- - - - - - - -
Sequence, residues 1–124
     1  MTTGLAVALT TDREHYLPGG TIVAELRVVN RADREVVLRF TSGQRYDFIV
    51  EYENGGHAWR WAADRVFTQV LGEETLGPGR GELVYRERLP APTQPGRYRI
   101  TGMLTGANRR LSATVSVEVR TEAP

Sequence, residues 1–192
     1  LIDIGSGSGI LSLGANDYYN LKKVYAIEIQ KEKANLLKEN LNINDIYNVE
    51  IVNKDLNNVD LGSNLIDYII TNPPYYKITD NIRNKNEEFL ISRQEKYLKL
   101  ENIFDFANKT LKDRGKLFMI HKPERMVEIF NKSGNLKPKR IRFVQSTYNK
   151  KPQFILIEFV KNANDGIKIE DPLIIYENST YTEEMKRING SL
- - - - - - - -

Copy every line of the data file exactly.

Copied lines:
Sequence, residues 1–124
     1  MTTGLAVALT TDREHYLPGG TIVAELRVVN RADREVVLRF TSGQRYDFIV
    51  EYENGGHAWR WAADRVFTQV LGEETLGPGR GELVYRERLP APTQPGRYRI
   101  TGMLTGANRR LSATVSVEVR TEAP

Sequence, residues 1–192
     1  LIDIGSGSGI LSLGANDYYN LKKVYAIEIQ KEKANLLKEN LNINDIYNVE
    51  IVNKDLNNVD LGSNLIDYII TNPPYYKITD NIRNKNEEFL ISRQEKYLKL
   101  ENIFDFANKT LKDRGKLFMI HKPERMVEIF NKSGNLKPKR IRFVQSTYNK
   151  KPQFILIEFV KNANDGIKIE DPLIIYENST YTEEMKRING SL